The blonde took a step backward, clutching at the collar of her blouse as if it had been wide open.
“I don’t think so,” she said.
“Come on. You look like you could use a dance.” Bob Ferguson gestured to the side of the open piazza, where a small jazz band was playing. “They’re playing our song.”
“This isn’t dance music,” said the woman stiffly, “and you’re very forward.”
“Usually I’m not,” Ferguson turned to the woman’s companion and pleaded his case, “but I’m here on holiday. Tell your friend she should dance with me.”
“I don’t know.”
Ferguson laughed and turned back to the blonde. “I’m not going to bite. You’re British, right?”
“I am from Sweden.”
“Coulda fooled me.”
“As sure as the sun rises.” He stuck out his hand. “Dance?”
The woman didn’t take his hand.
“How about you?” Ferguson asked, turning to the other woman.
“No, I meant, would you dance?”
Thera Majed hesitated but only for a moment. Then, shrugging to her companion, she stepped over to Ferguson, who immediately put his hand on her hip and waltzed her into the open space near the tables.
“Hello, Cinderella,” whispered Ferguson. “How are you doing?”
“I’m fine. What’s going on?”
“I felt like dancing.”
“I’ll bet. What would you have done if Julie accepted your offer?”
“I would have enjoyed two dances.”
Ferguson whisked her out of the way of a hurrying waiter.
“There’s no one else dancing, you know,” said Thera.
“Really? ‘But I only have eyes, for you.’” Ferguson sang the last words, grabbing a snatch of a song.
“Why are you contacting me?”
“Itinerary’s changed,” he said, spinning her around.
“What’s up?” she asked as she came back to him.
“Everything’s being moved forward. Some sort of push by the UN. You’re leaving for Korea in the morning.”
Ferguson danced her around, improvising a stride slightly quicker than a standard foxtrot to swing with the jazz beat. He’d learned to dance as a teenager in prep school—the only useful subject he picked up there, according to his father.
“We’re not going to have time to get security people on your team,” he whispered, pulling her back.
He felt her arms stiffen and started another twirl.
“You all right, Cinderella?” he asked her, reeling her back in.
“Of course,” said Thera.
“We’ll have people standing by. Relief caches will go in while you’re down South, exactly where we’d said they’d be. Plan’s the same; you’re just not going to have anyone on the IAEA inspection team with you.” He stopped and looked at her. “You cool with that?”
The IAEA was the International Atomic Energy Agency. After two months of training, Thera had been planted on the agency as a technical secretary; her team had just finished an inspection in Libya.
“I’m OK, Ferg. We shouldn’t make this too obvious, do you think?”
“Hey, I’m having fun,” he said, leaning her over.
He glanced toward the Swedish scientist, who was watching them with an expression somewhere between bewilderment and outrage. Ferguson gave the blonde a smile and pulled Thera back up.
“If you want to bail, call home. We’ll grab you.”
“I’m OK, Ferg. I can do it.”
“Slap me, because I just told you how desperately I want to take you to bed.”
“‘I only have eyes, for you . . .’”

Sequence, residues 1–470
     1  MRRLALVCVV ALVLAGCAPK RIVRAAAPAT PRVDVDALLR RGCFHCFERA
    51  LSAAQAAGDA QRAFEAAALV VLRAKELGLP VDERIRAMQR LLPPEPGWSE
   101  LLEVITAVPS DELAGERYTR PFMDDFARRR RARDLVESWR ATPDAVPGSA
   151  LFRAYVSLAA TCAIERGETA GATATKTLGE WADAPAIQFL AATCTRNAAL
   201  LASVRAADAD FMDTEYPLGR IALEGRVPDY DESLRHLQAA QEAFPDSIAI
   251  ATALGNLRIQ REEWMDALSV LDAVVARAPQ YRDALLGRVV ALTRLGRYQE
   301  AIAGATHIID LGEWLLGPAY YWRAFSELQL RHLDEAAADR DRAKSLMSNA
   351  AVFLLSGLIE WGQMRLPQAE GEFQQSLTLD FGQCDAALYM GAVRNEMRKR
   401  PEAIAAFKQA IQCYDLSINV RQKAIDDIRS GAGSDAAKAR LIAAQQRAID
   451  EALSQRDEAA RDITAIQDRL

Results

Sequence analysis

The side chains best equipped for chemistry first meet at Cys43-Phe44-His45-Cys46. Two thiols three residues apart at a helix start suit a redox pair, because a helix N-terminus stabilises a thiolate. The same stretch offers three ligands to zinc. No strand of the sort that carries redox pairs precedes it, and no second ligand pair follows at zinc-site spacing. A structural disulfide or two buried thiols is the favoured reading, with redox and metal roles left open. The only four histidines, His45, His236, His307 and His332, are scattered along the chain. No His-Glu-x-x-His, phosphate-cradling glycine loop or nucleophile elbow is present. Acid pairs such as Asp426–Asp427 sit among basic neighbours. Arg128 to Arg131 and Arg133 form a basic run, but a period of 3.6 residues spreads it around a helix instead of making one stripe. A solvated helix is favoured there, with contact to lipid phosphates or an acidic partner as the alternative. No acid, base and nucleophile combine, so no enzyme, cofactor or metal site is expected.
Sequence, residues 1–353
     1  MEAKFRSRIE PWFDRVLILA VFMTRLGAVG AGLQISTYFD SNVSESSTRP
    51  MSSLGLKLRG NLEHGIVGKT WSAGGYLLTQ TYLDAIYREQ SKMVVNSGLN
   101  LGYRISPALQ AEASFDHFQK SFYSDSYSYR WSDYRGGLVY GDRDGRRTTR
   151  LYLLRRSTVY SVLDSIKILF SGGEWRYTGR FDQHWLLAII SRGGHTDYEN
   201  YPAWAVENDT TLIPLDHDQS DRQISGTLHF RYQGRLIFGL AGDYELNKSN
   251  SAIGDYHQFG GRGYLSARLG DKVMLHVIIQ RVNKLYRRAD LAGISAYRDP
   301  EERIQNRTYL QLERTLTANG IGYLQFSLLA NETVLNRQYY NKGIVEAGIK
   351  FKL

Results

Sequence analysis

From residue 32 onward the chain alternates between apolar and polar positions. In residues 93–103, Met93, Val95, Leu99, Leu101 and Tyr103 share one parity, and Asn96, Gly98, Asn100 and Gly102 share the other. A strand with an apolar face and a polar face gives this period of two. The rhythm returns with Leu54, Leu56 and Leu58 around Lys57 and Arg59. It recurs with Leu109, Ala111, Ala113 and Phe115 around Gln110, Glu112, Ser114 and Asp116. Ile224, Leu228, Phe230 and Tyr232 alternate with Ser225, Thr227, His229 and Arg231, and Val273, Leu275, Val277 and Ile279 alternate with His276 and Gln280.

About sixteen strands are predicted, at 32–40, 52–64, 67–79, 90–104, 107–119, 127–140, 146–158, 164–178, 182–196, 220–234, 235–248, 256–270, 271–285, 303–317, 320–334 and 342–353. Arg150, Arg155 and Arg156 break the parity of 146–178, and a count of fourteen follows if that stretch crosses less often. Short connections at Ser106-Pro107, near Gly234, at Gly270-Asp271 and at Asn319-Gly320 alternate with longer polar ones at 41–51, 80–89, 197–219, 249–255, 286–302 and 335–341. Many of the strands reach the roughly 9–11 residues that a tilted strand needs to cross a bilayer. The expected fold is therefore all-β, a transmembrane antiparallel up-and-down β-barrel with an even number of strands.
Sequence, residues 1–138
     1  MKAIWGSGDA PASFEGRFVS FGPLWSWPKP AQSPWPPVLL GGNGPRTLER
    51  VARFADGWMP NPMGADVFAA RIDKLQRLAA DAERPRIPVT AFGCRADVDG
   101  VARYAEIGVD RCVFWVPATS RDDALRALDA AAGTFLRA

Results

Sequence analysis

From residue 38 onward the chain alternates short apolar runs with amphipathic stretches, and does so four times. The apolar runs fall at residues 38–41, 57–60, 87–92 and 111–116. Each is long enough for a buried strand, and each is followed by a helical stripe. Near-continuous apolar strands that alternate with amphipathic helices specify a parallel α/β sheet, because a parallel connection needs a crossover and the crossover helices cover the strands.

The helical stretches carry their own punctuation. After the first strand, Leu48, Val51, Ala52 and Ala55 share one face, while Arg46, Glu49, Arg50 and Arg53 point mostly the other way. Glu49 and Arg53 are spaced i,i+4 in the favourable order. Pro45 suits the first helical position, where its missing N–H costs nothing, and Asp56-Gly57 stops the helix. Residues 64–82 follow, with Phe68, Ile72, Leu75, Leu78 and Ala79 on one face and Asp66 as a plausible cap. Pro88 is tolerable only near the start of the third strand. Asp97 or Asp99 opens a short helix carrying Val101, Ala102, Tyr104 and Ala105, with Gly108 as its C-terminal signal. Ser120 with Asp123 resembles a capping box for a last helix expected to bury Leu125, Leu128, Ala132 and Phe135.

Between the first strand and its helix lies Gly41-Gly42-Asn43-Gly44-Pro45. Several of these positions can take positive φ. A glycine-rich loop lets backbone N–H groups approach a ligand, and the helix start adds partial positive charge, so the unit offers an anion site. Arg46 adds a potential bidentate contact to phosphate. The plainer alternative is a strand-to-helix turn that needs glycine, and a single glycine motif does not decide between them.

“I won’t,” said Thera loudly. She took a step back and put her hands on her hips. “No.”
“Come on,” said Ferguson. “We’re obviously meant for each other.”
Thera told him in Greek that he was an animal and a pig. The first words sputtered. She imagined herself to be the technical secretary she was portraying, not the skilled CIA paramilitary looking for violations of the new Korean nuclear nonproliferation treaty.
And she imagined Ferguson not to be her boss and the man who had saved her neck just a few months before but a snake and a rogue and a thief, roles he was well accustomed to playing.
Though he was a handsome rogue, truth be told.
“Go away,” she said in English. Her cheeks were warm. “Go!”
“Should I take that as a no?” Ferguson asked.
Thera turned and stomped to her table.
She seemed to take that well,” said Stephen Rankin sarcastically when Ferguson got back to the table. “What’d you do, kick her in her shins?”
“I tried to, but she wouldn’t stand still.” Ferguson sipped from the drink, a Sicilian concoction made entirely from local liquor. It tasted like sweet but slightly turned orange juice and burned the throat going down, which summed up Sicily fairly well.
“You think she’s gonna bail?” Rankin asked.
“Nah. Why do you think that?”
“I don’t think that. I’m asking if you think that.”
Ferguson watched Thera talking with the Swedish female scientist. He could still smell the light scent of her perfume and feel the sway of her body against his.
She wasn’t going to quit, but she was afraid. He’d sensed it, dancing with her. But fear wasn’t the enemy most people thought. In some cases, for some people, fear made them sharper, smarter, and better.
Ferguson thought Thera was that kind of person; she’d certainly done well in Syria, and there was as much reason to be afraid then as there would be in North Korea.
He jumped to his feet to chase the thought away. “Let’s get going, Skippy.”
“One of these days I’m going to sock you for calling me Skippy.”
“I wish you’d try. Let’s get out to the airport.”
Copyright © 2006 by Larry Bond and Jim DeFelice. All rights reserved.